DOL Addresses Fiduciary Duty to Monitor Annuity Providers

Pension & Benefits Daily™ covers all major legislative, regulatory, legal, and industry developments in the area of employee benefits every business day, focusing on actions by Congress,...

By Sean Forbes

July 13 — A retirement plan sponsor's fiduciary duty to monitor an insurer's solvency generally ends when the plan no longer offers an annuity as a distribution option, the Department of Labor said in new guidance.

The guidance clarifies that a defined contribution plan sponsor's fiduciary duty doesn't last all the way to the point at which the insurer finishes making all promised payments, the DOL said in Field Assistance Bulletin 2015-02, released July 13.

The DOL said it issued the guidance because of concerns that “confusion or lack of clarity” on the nature or scope of fiduciary responsibilities to monitor annuity selections might lead plan sponsors to “overestimate or otherwise misunderstand the duration or extent” of those duties and discourage them from offering annuities as a distribution option.

The DOL annuity selection safe harbor, finalized in 2008 under 29 C.F.R. §2550.404a-4, requires, among other things, that sponsors consider information sufficient to assess the ability of the annuity provider to make all future payments under the annuity contract, and determine that, at the time of selection, the provider is financially able to make all future payments under the contract.

The safe harbor “in general wasn't helpful” due to its lack of clarity, Kathryn L. Ricard, senior vice president for retirement policy at the ERISA Industry Committee, told Bloomberg BNA. “Any attempts to clarify the guidance we welcome and find helpful.”

The new guidance was released the same day the White House directed the DOL to issue by the end of the year regulations that would facilitate states' workplace-based retirement initiatives (see related story in this issue).

Annuity Safe Harbor

The guidance is part of the DOL focus on encouraging sponsors to offer lifetime income options such as annuities in defined contribution plans. Less than 20 percent of sponsors offer annuities, with the share of plans falling over time, the DOL said in a fact sheet accompanying the guidance.

The DOL also is working on proposed rules on lifetime income illustrations, a project in the works since it issued an advance notice of proposed rulemaking in 2013.

Ricard said the DOL also hinted in the guidance that it is continuing to work with the Treasury Department on lifetime income guidance and plan annuities to encourage plan sponsors that are considering offering such options. The agencies “want to cut down any trees in the way” of offering these options, she said.

The DOL guidance comes less than a week after Treasury and Internal Revenue Service action on the lifetime income front. On July 9, they said in Notice 2015-49 that they intend to amend the required minimum distribution rules under tax code Section 401(a)(9) to bar defined benefit plans from replacing various kinds of annuity payments with lump-sum payments, or other accelerated distributions in some circumstances.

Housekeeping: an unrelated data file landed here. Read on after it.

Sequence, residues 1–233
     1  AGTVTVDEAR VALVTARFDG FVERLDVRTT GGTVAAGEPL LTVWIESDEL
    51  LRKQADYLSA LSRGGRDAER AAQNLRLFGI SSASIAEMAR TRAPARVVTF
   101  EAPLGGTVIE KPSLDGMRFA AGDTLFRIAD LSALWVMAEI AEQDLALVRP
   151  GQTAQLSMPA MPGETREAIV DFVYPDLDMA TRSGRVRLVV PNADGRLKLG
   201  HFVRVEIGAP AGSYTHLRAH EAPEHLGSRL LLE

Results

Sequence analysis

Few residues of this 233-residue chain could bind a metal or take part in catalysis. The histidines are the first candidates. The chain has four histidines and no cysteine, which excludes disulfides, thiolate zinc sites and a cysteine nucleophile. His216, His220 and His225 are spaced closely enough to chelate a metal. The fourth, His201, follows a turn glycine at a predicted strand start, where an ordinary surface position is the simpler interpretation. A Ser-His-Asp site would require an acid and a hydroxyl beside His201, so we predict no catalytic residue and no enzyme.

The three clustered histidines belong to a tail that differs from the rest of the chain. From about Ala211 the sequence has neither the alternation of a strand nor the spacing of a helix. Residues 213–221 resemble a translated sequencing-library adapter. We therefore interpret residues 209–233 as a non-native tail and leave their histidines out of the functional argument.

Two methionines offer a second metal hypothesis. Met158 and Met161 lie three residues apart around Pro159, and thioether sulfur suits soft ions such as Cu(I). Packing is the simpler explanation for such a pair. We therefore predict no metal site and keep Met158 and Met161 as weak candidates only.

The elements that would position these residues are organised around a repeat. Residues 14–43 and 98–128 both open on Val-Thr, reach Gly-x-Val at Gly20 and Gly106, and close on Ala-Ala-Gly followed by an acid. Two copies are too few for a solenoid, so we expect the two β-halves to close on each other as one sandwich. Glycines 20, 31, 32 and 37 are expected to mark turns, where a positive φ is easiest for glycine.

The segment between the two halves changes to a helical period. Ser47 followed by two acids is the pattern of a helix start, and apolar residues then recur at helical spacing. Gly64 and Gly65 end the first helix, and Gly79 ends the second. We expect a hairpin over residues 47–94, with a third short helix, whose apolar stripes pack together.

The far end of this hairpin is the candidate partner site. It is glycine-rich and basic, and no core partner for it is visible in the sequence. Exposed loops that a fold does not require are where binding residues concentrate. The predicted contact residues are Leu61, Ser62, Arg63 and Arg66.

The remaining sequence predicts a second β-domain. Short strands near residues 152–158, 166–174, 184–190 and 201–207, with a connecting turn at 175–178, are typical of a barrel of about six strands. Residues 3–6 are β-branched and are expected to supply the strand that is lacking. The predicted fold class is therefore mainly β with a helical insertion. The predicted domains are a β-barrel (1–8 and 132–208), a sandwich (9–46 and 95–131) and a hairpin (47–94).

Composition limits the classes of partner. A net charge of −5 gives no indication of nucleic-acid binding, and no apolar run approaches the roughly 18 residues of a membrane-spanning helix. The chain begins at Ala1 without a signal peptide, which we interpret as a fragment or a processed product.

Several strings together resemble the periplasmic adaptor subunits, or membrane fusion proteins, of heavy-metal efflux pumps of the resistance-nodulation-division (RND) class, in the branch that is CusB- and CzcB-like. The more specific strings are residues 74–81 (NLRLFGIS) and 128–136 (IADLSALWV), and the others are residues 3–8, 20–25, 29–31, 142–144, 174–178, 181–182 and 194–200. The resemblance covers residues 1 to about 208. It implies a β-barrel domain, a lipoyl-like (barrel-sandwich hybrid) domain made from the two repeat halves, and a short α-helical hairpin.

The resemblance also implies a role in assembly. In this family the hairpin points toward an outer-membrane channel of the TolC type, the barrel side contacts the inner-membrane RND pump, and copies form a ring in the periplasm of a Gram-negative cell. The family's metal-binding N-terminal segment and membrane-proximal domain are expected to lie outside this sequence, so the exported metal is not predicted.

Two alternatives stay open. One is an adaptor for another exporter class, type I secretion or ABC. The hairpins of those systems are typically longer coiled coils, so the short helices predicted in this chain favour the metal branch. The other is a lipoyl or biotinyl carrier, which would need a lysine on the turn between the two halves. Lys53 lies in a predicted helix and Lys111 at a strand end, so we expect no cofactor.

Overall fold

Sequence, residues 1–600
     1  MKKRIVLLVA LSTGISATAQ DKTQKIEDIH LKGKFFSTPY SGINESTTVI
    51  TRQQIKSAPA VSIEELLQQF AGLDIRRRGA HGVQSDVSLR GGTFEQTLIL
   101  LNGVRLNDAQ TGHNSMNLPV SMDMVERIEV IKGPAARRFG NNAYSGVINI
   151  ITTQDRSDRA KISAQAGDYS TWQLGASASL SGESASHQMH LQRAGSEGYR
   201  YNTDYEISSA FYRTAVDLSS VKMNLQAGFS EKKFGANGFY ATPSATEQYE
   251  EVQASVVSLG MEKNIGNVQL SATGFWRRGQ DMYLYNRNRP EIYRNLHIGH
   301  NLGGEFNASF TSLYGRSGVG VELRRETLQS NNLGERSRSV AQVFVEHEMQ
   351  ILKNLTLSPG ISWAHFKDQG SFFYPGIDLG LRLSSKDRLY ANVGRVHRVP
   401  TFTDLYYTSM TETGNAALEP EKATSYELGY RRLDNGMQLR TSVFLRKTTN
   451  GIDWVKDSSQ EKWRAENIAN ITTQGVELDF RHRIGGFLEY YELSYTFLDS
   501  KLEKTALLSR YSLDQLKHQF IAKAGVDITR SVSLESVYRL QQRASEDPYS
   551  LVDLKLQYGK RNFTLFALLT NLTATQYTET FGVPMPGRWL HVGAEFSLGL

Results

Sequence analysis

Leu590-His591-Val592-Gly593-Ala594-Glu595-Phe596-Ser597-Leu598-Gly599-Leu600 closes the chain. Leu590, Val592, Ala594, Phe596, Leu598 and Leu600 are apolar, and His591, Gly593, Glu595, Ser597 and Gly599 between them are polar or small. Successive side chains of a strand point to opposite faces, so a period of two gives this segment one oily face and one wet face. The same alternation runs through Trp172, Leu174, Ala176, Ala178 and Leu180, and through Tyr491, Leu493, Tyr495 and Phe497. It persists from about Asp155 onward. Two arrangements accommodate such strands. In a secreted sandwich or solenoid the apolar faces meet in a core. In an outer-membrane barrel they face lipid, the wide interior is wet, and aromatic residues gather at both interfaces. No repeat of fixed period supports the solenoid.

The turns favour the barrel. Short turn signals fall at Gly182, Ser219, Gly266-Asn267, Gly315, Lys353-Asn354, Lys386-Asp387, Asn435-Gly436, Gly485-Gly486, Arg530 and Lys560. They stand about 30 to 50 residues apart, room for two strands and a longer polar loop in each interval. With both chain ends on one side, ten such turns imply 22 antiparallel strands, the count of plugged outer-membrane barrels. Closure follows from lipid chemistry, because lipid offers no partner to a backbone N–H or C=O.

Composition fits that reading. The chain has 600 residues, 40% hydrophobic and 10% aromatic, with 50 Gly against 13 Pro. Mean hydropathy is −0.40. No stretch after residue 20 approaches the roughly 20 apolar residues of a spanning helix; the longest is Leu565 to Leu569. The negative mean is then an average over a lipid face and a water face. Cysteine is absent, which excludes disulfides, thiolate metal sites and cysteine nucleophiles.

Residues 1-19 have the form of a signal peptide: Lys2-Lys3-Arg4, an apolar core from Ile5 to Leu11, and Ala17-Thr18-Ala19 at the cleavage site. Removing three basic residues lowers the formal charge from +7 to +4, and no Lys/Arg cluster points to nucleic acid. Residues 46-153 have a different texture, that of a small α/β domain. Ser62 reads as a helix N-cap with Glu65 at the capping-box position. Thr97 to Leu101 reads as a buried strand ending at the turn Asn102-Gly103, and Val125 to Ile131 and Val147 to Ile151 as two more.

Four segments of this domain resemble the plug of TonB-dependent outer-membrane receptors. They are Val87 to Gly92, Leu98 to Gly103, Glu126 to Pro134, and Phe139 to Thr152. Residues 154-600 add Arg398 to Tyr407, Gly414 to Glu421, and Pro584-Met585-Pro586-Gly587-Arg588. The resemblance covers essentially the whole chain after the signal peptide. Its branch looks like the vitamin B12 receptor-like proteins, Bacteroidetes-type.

Discourages Annuities 

However, the DOL may wind up undermining its goal of incentivizing annuities, according to Joshua Gotbaum, former director of the Pension Benefit Guaranty Corporation and guest scholar at the Brookings Institution.

The guidance is also a direct response to the May Supreme Court decision in Tibble v. Edison, regarding a plan sponsor's duty to monitor investments, Gotbaum said. In that case, the court held that 401(k) participants who challenge high-cost investment options bring timely claims when they allege that fiduciaries failed to properly monitor investments during the preceding six-year period.

Citing the Supreme Court case in a footnote, the DOL said that “a fiduciary’s selection and monitoring of an annuity provider is judged based on the information available at the time of the selection, and at each periodic review, and not in light of subsequent events.”

Although the unanimous Supreme Court decision is plaintiff-friendly, the court declined to articulate what the continuing duty to monitor looks like, leaving the question to lower courts.

The DOL response to Tibble and clarification of the safe harbor provisions “is pernicious” in that it gives sponsors an additional incentive to not offer annuities, Gotbaum said.

“The department may think that their action encourages lifetime income annuities in 401(k) plans, but I think it does precisely the opposite. I think it makes clear that, if you’re worried about fiduciary duty, the way to avoid it is to stop offering annuities,” Gotbaum said.

To contact the reporter on this story: Sean Forbes in Washington at

To contact the editor responsible for this story: Phil Kushin at

Text of Field Assistance Bulletin 2015-02 is at

A copy of the DOL fact sheet is at